BY TIAN HUANG – MEDILL NEWS SERVICE
During our final trip to CME Group this quarter, we had the opportunity to speak to Phil Flynn, an energy analyst at Alaron Trading Corp. Phil was on the floor talking about oil inventories on Fox Business News.
Phil’s known in the industry for being accurate about the energy markets. When other experts were predicting $300 a barrel for crude oil, Phil was bearish before demand for oil and gas prices drastically declined. Here were some of his responses to our questions on the future of the oil industry and President Barack Obama’s green energy plan:
Q: Why has there been so much volatility in the oil market in recent months?
A: Crude oil has seen a history of boom and bust cycles, but this year, it was out of range. Prices were up not because of supply and demand but because of the financial crisis. As the banks were dying, people began to buy oil like they were buying gold; it became a currency of last resort. That kind of growth is unsustainable.
Q: What is your take on President Obama’s New Energy for America plan?
A: I think it could be a waste of a lot of money. The plans are capital intensive — a lot of capital is required, and capital is king right now. You can’t get cash and the government is going to take on all the risk. The problem is the plans aren’t focused. It’s a mish mash of goals: clean coal technology, solar energy, none of this is focused. It’s like rolling the dice. We need to get a plan we can all get behind.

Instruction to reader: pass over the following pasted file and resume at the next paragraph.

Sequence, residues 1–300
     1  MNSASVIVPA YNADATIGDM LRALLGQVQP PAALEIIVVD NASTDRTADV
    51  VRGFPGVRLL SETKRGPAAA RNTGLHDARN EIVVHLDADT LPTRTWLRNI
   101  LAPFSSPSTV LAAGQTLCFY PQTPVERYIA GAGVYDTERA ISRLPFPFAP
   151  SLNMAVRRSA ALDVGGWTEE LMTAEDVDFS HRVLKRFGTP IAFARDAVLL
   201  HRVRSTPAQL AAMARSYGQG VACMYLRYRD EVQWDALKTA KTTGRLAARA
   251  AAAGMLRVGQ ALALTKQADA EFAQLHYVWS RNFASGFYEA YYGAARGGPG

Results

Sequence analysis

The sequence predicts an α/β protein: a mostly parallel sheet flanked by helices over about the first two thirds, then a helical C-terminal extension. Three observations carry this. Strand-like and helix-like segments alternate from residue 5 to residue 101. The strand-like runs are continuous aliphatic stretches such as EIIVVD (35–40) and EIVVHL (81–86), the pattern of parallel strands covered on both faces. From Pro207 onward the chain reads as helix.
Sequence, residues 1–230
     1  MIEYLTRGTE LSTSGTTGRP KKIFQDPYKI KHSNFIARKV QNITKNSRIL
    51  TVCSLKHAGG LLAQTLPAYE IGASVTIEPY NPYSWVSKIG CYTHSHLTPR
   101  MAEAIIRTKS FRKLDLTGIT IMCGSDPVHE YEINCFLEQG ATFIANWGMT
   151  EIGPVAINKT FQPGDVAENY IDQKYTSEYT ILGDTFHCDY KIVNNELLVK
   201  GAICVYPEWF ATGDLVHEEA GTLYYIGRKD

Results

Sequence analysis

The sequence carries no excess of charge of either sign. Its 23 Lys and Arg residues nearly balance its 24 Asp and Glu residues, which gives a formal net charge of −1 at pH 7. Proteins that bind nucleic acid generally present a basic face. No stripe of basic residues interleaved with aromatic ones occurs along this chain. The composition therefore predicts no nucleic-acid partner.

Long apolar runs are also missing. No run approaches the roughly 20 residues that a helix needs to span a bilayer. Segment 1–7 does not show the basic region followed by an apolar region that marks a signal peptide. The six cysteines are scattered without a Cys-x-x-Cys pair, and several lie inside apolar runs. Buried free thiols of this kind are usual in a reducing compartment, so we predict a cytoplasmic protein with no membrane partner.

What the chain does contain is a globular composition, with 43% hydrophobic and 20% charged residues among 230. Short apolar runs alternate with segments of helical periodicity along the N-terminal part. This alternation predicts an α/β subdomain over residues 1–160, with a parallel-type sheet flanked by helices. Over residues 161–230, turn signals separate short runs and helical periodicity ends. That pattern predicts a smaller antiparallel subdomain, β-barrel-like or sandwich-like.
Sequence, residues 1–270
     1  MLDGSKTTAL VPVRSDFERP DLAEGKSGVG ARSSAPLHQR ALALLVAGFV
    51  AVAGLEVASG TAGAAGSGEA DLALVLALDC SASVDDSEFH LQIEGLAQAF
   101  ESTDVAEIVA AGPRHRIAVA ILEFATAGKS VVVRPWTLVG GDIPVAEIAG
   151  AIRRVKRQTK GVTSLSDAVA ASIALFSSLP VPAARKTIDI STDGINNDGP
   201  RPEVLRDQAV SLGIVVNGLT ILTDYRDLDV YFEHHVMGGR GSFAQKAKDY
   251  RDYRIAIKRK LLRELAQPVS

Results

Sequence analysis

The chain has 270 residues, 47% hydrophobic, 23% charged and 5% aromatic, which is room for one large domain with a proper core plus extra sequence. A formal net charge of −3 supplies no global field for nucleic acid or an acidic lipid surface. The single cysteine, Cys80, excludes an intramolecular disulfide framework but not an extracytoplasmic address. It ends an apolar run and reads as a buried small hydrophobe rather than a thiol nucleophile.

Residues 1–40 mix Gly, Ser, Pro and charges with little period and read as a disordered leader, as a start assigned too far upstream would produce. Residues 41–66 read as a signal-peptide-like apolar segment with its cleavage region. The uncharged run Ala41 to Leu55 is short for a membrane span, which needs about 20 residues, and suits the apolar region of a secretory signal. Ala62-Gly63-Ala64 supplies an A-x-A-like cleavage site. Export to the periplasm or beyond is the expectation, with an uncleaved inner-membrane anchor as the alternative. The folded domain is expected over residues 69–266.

Q: What do you propose instead?
A: I think the best energy plan is to lift restrictions on oil if you’re going to give advantages to other energies. Let them drill in Alaska and in other places. We’ve seen some of the most innovation during times when the oil industry wasn’t doing so well– let the market forces take over.
Q: You’ve been rightly bullish when others were bearish on the oil industry and bearish when others were predicting $300 a barrel for crude oil. What do you see for the future of oil prices?
A: We’re currently seeing an uptick in gas prices because of market forces. This has been the worst year for oil refineries in years, and those refineries have not sold enough gasoline, so their gas crack spread, which measures the profitability of converting crude oil to gasoline, has dropped. The refineries have closed for maintenance reasons, except they’ve being going through “extended” maintenance, but they are opening up again and the supply of crude oil is at a record high, so crude oil is cheap, which means cheap gas even if demand is up a little. It will take a major event for prices to not drop.